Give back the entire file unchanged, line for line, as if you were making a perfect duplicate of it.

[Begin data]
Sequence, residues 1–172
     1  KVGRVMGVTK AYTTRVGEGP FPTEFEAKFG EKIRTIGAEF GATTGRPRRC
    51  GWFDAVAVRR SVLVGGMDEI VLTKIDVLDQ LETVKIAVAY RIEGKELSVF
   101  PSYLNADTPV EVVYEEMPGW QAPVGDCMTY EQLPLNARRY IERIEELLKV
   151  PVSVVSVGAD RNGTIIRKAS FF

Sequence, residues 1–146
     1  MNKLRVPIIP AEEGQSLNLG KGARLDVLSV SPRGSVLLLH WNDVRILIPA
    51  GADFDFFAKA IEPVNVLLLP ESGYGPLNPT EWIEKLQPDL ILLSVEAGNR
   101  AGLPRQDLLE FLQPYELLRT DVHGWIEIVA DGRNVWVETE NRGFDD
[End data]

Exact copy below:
Sequence, residues 1–172
     1  KVGRVMGVTK AYTTRVGEGP FPTEFEAKFG EKIRTIGAEF GATTGRPRRC
    51  GWFDAVAVRR SVLVGGMDEI VLTKIDVLDQ LETVKIAVAY RIEGKELSVF
   101  PSYLNADTPV EVVYEEMPGW QAPVGDCMTY EQLPLNARRY IERIEELLKV
   151  PVSVVSVGAD RNGTIIRKAS FF

Sequence, residues 1–146
     1  MNKLRVPIIP AEEGQSLNLG KGARLDVLSV SPRGSVLLLH WNDVRILIPA
    51  GADFDFFAKA IEPVNVLLLP ESGYGPLNPT EWIEKLQPDL ILLSVEAGNR
   101  AGLPRQDLLE FLQPYELLRT DVHGWIEIVA DGRNVWVETE NRGFDD